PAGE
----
June 25, 2020 | Policy Brief

Iran Threatens to Repudiate Key Nuclear Verification Agreement

June 25, 2020 | Policy Brief

Iran Threatens to Repudiate Key Nuclear Verification Agreement

The Iranian parliament, or Majles, ratified a motion on Tuesday directing the government to stop implementing a key nuclear verification agreement called the Additional Protocol (AP). While Iran has already refused to comply with inspections required by the AP, a formal decision to reject the agreement while under investigation for violations of the Nuclear Non-Proliferation Treaty (NPT) could lead to Tehran’s referral to the United Nations Security Council (UNSC) for sanctions against the Islamic Republic.

The Majles’ bill comes after the Board of Governors of the International Atomic Energy Agency (IAEA) passed its first critical resolution on Iran in eight years, which calls on the regime to cooperate with an IAEA probe into the presence of undeclared nuclear materials and activities. The resolution also calls on Iran to stop blocking inspectors’ access to two alleged nuclear sites, which the IAEA requested pursuant to the AP.

The AP is a voluntary supplement to the Comprehensive Safeguards Agreement (CSA) that NPT signatories conclude with the IAEA, particularly if acquiring or producing nuclear material. The AP enumerates stronger inspection rights with specified timeframes for compliance as well as requirements for signatories to provide more information about nuclear research and activities relevant to proliferation. The AP won the support of the IAEA Board in 1997 following broad acknowledgement that states such as Iraq, North Korea, and South Africa had exploited gaps in their CSAs to further nuclear weapons programs.

Soon after the discovery of covert Iranian nuclear sites in 2002 and the subsequent launch of an IAEA investigation into Tehran’s possible military nuclear activities, Iran agreed to implement the AP. From 2003 to 2006, Tehran implemented the AP provisionally but never formally adopted the agreement. Under the 2015 nuclear deal, or Joint Comprehensive Plan of Action (JCPOA), Iran committed to apply the AP provisionally once again and to attempt to ratify it by 2023. Thus, halting AP implementation would be a further violation of the JCPOA.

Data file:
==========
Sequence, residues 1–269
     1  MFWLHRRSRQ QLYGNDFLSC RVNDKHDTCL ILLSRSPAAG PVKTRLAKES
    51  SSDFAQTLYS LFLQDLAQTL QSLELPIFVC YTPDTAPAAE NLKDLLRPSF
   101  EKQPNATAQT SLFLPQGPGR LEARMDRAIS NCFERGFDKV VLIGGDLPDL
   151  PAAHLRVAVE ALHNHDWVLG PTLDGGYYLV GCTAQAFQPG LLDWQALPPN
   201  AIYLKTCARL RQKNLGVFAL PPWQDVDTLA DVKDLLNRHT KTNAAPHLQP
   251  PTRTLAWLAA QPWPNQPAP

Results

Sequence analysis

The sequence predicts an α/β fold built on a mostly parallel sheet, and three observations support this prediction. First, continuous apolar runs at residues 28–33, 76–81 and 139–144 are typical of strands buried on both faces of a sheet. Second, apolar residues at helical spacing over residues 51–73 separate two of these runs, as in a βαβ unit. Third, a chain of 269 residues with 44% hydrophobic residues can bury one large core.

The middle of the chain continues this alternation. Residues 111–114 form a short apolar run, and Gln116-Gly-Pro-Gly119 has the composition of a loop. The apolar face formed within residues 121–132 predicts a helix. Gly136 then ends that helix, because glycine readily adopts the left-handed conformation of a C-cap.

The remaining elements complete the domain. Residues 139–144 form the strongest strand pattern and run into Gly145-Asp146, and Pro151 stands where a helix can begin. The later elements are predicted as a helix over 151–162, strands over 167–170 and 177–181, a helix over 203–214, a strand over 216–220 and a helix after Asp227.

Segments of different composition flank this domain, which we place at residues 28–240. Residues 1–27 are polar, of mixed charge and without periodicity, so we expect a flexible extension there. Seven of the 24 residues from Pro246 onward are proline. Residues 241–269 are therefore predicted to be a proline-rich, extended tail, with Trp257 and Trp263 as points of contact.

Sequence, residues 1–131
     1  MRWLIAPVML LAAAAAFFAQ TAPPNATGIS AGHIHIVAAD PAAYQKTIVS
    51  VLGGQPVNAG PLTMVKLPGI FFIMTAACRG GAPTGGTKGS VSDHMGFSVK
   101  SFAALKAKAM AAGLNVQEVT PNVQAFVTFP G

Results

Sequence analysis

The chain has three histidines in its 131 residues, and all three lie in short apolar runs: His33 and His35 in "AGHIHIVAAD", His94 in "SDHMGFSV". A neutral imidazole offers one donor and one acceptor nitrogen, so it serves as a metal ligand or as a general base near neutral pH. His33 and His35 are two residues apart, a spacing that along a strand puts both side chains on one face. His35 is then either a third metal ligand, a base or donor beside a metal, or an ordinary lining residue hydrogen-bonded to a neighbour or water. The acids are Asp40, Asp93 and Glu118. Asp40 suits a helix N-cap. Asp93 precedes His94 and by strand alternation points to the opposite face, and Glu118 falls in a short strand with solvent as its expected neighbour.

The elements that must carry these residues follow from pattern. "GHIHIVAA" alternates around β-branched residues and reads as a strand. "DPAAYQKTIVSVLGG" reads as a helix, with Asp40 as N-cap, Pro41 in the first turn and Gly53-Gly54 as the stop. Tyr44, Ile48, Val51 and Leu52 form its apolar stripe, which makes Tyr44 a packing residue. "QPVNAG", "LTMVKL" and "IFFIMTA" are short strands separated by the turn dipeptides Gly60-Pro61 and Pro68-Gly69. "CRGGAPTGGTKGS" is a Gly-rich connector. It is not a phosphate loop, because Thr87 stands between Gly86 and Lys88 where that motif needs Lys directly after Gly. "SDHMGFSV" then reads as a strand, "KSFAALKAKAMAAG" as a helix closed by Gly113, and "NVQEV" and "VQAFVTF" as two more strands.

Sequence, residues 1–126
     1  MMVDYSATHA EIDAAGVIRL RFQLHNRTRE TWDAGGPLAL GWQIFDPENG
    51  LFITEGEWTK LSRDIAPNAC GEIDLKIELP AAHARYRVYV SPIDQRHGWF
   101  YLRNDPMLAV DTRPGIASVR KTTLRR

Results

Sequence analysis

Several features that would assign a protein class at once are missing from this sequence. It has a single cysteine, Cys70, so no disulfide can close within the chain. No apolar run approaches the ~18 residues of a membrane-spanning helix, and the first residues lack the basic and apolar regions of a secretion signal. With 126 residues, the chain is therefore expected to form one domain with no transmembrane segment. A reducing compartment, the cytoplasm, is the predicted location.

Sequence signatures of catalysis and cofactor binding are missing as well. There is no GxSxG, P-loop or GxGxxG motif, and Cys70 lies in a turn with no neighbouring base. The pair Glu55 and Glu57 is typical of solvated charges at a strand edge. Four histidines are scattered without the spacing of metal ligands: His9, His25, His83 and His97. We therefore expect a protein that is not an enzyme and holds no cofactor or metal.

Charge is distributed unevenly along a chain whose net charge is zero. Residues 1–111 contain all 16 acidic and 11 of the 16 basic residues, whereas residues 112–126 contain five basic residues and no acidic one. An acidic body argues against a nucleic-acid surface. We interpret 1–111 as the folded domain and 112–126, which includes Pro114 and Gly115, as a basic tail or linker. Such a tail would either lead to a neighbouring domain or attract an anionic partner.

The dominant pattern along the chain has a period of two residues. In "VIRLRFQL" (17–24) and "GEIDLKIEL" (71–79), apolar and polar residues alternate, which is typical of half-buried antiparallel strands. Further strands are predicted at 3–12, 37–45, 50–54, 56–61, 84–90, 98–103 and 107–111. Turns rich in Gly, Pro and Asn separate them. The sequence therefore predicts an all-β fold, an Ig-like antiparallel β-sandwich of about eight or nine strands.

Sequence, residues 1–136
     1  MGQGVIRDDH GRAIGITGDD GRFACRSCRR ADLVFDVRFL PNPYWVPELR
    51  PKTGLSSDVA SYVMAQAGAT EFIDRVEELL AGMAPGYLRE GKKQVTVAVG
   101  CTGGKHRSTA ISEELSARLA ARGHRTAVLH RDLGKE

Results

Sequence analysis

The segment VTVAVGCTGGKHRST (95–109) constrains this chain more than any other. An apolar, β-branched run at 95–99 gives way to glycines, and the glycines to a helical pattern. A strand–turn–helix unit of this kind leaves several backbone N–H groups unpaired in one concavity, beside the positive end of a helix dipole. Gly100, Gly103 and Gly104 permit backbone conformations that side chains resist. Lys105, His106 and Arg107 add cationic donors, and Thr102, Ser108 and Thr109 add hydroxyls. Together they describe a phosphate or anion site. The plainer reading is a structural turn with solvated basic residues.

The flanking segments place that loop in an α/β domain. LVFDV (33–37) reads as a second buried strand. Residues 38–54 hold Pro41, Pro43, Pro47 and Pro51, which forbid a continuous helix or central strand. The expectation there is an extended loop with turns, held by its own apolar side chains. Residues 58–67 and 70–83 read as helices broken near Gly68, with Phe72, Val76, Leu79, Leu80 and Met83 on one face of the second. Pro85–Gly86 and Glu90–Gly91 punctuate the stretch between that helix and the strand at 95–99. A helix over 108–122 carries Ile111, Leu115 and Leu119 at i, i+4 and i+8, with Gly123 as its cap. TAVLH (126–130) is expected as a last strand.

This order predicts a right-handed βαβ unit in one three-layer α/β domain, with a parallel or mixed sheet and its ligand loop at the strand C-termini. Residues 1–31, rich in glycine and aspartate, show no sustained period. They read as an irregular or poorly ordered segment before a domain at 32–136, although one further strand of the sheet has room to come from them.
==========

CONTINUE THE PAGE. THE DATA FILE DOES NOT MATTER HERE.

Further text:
The timing of the Majles announcement harkens back to Iran’s February 2006 decision to stop its provisional implementation of the AP just two days after the IAEA Board voted to refer Iran’s NPT non-compliance case to the UNSC. By July 2006, the UNSC passed the first of several rounds of multilateral sanctions designed to pressure Iran to halt its nuclear programs and cooperate with the IAEA investigation.

Regardless of whether Iran abides by the AP, its ratification of the NPT entails a legal obligation to let the IAEA implement comprehensive safeguards. In February 1992, the IAEA Board affirmed that it retains the right to check the “correctness and completeness” of Iran’s nuclear material declarations and to conduct ad hoc and special inspections as well as other safeguards visits as necessary.

While the Iranian Majles is nominally an autonomous legislative body, its lawmaking powers are checked by the Guardian Council – a 12-member, unelected body that screens legislation for fidelity to the regime’s Islamist ideology – and thus Majles actions rarely diverge from official regime thinking. The proposed motion to reduce Iran’s cooperation with the IAEA is likely a threat made on behalf of the highest levels of the regime and intended to ward off further IAEA Board action.

It remains to be seen whether the remaining JCPOA member states will tolerate an additional egregious violation of the nuclear deal that could directly impair the IAEA’s ability to carry out its non-proliferation investigation. Russia and China, which voted against the IAEA Board resolution, clearly reject efforts to hold Iran accountable and enforce the NPT. The United Kingdom, France, and Germany favor accountability in principle, yet in practice they fear that taking action against Iran to enforce the NPT would lead it to repudiate the JCPOA.

Yet since the JCPOA has been ineffective at addressing Tehran’s past and possibly ongoing nuclear weapons activities, a stronger agreement is needed to replace it. First, the international community should focus on upholding the NPT, which has helped stem proliferation for the past 50 years.

Andrea Stricker is a research fellow at the Foundation for Defense of Democracies (FDD), where she also contributes to FDD’s Center on Military and Political Power (CMPP). For more analysis from Andrea and CMPP, please subscribe HERE. Follow Andrea on Twitter @StrickerNonpro. Follow FDD on Twitter @FDD and @FDD_CMPP. FDD is a Washington, DC-based, nonpartisan research institute focusing on national security and foreign policy.


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